ABBOTSFORD AND THE EILDON HILLS. (From a Photograph by Valentine & Sons, Dundee.)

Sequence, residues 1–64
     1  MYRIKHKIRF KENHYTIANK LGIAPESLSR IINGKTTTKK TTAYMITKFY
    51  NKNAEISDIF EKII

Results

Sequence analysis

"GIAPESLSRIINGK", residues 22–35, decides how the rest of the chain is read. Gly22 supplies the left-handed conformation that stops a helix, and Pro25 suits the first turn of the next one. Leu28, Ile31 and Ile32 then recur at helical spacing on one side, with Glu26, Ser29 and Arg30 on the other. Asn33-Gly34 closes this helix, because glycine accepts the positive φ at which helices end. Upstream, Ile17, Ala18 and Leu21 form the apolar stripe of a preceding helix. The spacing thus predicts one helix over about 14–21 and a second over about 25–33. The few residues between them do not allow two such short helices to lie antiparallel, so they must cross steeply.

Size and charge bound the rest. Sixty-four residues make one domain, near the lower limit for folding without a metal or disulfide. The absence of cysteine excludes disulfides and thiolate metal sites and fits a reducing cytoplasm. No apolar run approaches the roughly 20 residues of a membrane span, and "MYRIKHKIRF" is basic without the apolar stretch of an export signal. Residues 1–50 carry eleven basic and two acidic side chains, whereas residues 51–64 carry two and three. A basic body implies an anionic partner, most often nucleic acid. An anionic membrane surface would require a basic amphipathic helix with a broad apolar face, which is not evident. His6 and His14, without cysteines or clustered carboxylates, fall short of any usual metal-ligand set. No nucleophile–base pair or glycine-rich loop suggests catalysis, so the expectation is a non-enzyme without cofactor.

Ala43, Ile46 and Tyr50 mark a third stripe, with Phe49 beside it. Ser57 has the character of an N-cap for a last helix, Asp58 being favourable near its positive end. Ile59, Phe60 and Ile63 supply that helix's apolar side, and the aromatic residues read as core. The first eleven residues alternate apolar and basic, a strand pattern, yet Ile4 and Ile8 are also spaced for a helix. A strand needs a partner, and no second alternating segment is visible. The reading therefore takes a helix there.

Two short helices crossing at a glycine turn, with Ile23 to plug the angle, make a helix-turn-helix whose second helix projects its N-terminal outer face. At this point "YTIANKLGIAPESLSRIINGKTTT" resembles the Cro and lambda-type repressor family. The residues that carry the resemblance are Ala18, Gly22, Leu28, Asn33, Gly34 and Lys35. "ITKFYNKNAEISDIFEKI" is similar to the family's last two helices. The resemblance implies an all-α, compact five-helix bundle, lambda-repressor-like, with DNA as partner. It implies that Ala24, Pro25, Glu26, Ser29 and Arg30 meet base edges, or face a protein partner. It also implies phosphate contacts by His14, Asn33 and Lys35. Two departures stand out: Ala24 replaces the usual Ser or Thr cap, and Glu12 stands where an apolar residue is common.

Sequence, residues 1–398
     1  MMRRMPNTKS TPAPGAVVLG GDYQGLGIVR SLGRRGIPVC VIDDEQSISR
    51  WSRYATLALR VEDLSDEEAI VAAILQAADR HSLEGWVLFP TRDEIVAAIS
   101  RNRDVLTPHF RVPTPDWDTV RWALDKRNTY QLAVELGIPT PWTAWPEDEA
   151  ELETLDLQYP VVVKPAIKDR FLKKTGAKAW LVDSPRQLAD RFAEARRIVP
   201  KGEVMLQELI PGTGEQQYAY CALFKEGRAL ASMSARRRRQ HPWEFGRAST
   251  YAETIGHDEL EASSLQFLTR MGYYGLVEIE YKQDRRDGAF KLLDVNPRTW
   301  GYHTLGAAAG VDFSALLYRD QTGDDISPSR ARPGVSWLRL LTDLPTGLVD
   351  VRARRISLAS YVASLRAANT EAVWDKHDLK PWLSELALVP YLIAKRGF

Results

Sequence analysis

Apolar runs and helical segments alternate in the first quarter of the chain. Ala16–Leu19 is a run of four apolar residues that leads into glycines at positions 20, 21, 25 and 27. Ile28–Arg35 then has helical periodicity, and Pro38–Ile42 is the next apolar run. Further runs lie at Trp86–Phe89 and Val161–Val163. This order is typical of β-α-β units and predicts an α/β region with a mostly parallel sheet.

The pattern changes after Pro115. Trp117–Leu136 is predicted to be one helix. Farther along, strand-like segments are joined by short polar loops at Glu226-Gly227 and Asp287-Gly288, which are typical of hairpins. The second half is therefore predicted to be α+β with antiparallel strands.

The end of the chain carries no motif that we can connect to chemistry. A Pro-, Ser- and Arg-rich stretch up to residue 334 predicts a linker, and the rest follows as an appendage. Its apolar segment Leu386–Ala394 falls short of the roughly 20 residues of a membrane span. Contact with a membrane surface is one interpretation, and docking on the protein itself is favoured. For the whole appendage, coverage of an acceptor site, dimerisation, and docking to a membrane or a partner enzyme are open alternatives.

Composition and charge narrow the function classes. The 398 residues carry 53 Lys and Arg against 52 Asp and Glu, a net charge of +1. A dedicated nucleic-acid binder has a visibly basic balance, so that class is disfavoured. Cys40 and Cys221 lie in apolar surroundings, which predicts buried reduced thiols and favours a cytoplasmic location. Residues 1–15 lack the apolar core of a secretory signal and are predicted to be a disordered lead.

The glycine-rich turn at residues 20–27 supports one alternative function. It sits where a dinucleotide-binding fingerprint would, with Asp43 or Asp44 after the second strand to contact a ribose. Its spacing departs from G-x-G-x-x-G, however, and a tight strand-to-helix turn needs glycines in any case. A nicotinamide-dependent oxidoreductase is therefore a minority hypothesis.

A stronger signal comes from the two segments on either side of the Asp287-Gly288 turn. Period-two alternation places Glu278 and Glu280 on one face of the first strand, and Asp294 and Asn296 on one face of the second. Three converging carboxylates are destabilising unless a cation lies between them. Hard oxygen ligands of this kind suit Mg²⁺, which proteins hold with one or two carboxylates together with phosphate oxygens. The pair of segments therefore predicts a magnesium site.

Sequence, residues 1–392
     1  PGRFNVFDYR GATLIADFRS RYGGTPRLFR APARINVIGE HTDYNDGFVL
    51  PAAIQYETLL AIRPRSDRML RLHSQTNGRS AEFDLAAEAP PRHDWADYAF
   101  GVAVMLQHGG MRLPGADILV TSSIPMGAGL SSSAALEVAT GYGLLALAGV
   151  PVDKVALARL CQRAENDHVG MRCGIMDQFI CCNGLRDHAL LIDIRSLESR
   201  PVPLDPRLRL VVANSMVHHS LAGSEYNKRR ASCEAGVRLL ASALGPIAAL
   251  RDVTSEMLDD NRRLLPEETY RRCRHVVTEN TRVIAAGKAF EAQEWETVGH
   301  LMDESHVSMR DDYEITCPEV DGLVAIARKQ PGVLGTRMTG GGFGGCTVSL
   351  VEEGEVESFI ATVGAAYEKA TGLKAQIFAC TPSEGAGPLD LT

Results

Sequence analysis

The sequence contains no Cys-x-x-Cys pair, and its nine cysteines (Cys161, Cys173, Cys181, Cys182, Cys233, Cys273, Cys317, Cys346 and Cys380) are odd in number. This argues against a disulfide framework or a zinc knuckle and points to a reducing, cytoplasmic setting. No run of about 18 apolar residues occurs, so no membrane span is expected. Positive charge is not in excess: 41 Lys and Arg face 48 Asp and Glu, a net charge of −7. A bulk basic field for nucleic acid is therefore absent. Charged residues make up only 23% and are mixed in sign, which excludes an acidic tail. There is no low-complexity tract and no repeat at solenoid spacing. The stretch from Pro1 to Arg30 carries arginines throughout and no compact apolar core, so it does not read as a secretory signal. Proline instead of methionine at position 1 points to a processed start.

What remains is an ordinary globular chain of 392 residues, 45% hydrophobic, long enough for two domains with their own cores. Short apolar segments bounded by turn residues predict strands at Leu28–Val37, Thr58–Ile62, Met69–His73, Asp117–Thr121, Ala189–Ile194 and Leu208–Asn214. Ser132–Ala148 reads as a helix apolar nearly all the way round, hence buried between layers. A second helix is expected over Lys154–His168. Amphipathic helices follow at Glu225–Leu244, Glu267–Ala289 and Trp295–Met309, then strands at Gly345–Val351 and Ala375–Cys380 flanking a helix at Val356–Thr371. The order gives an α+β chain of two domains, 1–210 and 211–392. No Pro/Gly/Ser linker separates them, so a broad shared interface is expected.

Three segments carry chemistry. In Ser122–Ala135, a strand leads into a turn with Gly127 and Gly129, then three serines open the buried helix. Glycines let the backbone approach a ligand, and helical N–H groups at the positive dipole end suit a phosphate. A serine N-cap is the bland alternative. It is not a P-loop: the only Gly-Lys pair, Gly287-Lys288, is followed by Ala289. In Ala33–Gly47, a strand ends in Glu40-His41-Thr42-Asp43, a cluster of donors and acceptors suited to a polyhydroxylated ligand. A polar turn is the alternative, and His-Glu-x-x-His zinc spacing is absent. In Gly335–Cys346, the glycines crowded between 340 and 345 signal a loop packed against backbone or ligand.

The approaching coronation of the Queen became, as the season advanced, the prevailing topic of conversation in all circles. The feeling excited by it was so strong, so deep, and so widespread, that a Radical journal pronounced the people to be "coronation mad." The enthusiasm was not confined to the United Kingdom. The contagion was carried to the Continent, and foreigners of various ranks, from all nations, flocked into the metropolis to behold the inauguration of the maiden monarch of the British Empire. There were, however, some dissentients, whose objections disturbed the current of public feeling. As soon as it was understood that, on the score of economy, the time-honoured custom of having the coronation banquet in Westminster Hall would not be observed, the Marquis of Londonderry and others zealously exerted themselves to avert the innovation, but their efforts were fruitless. The coronation took place on the 28th of June. The only novel feature of importance consisted in the substitution of a procession through the streets for a banquet in Westminster Hall. It was certainly an improvement, for it afforded the people an opportunity of enjoying the ceremony. Persons of all ages, ranks, and conditions, embodied visibly in one animated and exalted whole, exultant and joyful, came forth to greet the youthful Sovereign. All the houses in the line of march poured forth their occupants to the windows and balconies. The behaviour of the enormous multitude which lined the streets, and afterwards spread over the metropolis, was admirable. The utmost eagerness was shown to furnish all the accommodation for spectators that the space would allow, and there was scarcely a house or a vacant spot along the whole line, from Hyde Park Corner to the Abbey, that was not occupied with galleries or scaffolding. At dawn the population were astir, roused by a salvo of artillery from the Tower, and towards six o'clock chains of vehicles, of all sorts and sizes, stretched along the leading thoroughfares; while streams of pedestrians, in holiday attire, poured in continuously, so that the suburbs seemed to empty themselves of all their inhabitants at once. At ten o'clock the head of the procession moved from the palace. When the Queen stepped into the State coach a salute was fired from the guns ranged in the enclosure, the bands struck up the National Anthem, a new royal standard was hoisted on the Marble Arch, and the multitude broke forth in loud and hearty cheers. The foreign ambassadors extraordinary looked superb in their new carriages and splendid uniforms. Among them shone conspicuous the state coach of Marshal Soult, and the old hero was received with vast enthusiasm by the populace.